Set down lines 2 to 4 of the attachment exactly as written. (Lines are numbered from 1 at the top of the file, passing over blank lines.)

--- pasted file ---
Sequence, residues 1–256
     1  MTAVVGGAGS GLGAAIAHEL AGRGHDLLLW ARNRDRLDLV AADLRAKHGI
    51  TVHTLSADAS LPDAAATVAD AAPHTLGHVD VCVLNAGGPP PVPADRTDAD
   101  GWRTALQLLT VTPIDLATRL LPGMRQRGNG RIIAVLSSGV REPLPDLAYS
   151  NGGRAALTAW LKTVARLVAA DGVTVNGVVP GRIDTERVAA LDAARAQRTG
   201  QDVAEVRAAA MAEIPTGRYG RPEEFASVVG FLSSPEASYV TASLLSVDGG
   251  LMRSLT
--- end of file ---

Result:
     1  MTAVVGGAGS GLGAAIAHEL AGRGHDLLLW ARNRDRLDLV AADLRAKHGI
    51  TVHTLSADAS LPDAAATVAD AAPHTLGHVD VCVLNAGGPP PVPADRTDAD
   101  GWRTALQLLT VTPIDLATRL LPGMRQRGNG RIIAVLSSGV REPLPDLAYS